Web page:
Fed Judge Rules for Apple in Drug Case Involving Encryption
March 1, 2016
A federal magistrate judge on Monday ruled that Apple did not have to unlock an encrypted iPhone used in a federal drug case. The ruling gave the company a key victory against the Department of Justice in the midst of a legal struggle over an FBI request that the encrypted phone of one of the suspected shooters in the San Bernardino, California, massacre also be unlocked.
Privacy Advocates Blast Plan to Expand NSA Data Sharing
February 29, 2016
The Obama administration plans to increase the amount of private communications the National Security Agency can share with other government agencies without first adding privacy protections, according to a report published last week. The plan reportedly would ease restrictions on the amount of intercepted email and telephone intelligence the NSA gathers.
Apple Motion Seeks to Block Feds From Acquiring 'Dangerous Power'
February 29, 2016
Apple last week filed a motion to vacate a federal order requiring the company to create a tool or code to unlock the iPhone of one of the San Bernardino, California, shooters. The order would set a dangerous precedent and release a powerful means to breach security on potentially millions of phones around the world, Apple argued. It transcends one phone, the company said.
Operation Blockbuster Brings the Fight to Sony Hackers
February 25, 2016
Operation Blockbuster, a coalition of security companies led by Novetta, on Wednesday published a report detailing the activities of the Lazarus Group, the organization responsible for the 2014 cyberattack against Sony Pictures Entertainment. Researchers last week published detection signatures to the companies' respective software in the hope of disrupting the group's activities.
The Downside of Linux Popularity
February 25, 2016
Popularity is becoming a two-edged sword for Linux. The open source operating system has become a key component of the Internet's infrastructure, and it's also the foundation for the world's largest mobile OS, Google's Android. Widespread use of the OS, though, has attracted the attention of hackers looking to transfer the dirty tricks previously aimed at Windows to Linux.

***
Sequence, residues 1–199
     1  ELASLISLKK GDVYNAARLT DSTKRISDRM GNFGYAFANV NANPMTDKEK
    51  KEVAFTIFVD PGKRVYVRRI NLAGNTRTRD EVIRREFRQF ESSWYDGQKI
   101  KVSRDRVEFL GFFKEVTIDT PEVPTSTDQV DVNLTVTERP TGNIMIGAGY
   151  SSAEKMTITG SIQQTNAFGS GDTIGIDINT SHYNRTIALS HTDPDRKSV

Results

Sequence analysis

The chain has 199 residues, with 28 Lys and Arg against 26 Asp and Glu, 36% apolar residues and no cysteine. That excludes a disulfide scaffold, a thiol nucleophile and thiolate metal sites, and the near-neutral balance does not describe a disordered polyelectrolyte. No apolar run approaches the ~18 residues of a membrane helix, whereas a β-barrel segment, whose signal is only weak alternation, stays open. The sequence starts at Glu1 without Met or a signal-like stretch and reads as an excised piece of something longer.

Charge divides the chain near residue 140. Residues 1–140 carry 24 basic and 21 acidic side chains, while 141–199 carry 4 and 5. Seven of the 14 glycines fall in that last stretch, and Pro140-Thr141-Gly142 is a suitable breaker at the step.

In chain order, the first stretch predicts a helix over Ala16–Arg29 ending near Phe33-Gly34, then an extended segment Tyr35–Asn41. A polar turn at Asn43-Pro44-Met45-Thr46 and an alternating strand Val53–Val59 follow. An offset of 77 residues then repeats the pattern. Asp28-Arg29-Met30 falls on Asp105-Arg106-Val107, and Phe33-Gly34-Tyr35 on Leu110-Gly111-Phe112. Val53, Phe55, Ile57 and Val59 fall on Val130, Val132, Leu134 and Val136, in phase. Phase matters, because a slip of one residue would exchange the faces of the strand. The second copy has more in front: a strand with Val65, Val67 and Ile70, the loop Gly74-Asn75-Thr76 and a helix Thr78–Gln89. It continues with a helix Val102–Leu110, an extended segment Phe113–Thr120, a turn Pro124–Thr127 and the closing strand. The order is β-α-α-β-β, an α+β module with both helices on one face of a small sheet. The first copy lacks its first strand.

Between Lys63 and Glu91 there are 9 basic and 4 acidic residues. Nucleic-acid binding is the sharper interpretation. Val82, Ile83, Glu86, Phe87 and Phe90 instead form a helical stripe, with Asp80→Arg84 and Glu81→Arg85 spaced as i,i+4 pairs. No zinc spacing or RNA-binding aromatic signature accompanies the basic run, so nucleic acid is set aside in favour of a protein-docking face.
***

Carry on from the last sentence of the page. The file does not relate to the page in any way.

Hollywood Hospital Succumbs to Hacker Shakedown
February 19, 2016
Hollywood Presbyterian Medical Center on Wednesday announced that it paid approximately $17,000 to resume normal operations after digital extortionists knocked its computer systems offline. The Los Angeles hospital discovered its computer network infected with ransomware earlier this month. After paying the ransom, the hospital was able to bring its electronic medical record system online.
Hollywood Hospital Hacked Back to Paper Age
February 17, 2016
Hollywood Presbyterian Medical Center last week revealed its computer systems were offline after a ransomware attack scrambled the data on its systems. Ransomware is a form of malware that encrypts data and system files on a computer and demands a ransom payment to unscramble the files. Since the attack, HPMC medical personnel have resorted to faxes and handwritten charts to perform their tasks.
Encryption Bans and Backdoor Efforts Are Misguided, Harvard Study Finds
February 16, 2016
Any effort to ban encryption or provide government agencies with backdoor access would be unenforceable and prone to failure, according to a Harvard University report released last week. Bruce Schneier, a fellow at Harvard's Berkman Center for Internet and Security, collaborator Kathleen Seidel, and student Saranya Vijayakuma, identified and surveyed 865 encryption products from 55 countries.
NIST Risk-Assessment Framework Shapes Federal Cybersecurity Strategy
February 12, 2016
The U.S. government is under pressure to improve cybersecurity and is meeting that challenge with a commitment to enhance spending for protecting IT systems. The Obama administration projected the budget for cybersecurity spending in fiscal 2016 would be about $14 billion -- an increase of $1.4 billion from 2015. That represents strong support to safeguard operations and protect personal data.
Hacker Posts Stolen Data on FBI, Homeland Security Employees Online
February 9, 2016
The U.S. departments of Justice and Homeland Security on Monday announced they were investigating reports that a hacker broke into government computer systems and stole sensitive information about employees at the agencies. The hacker posted stolen information for about 9,000 DHS employees online Sunday and made public data on 20,000 FBI employees Monday.
New Safe Harbor Pact Offers Temporary Port in Storm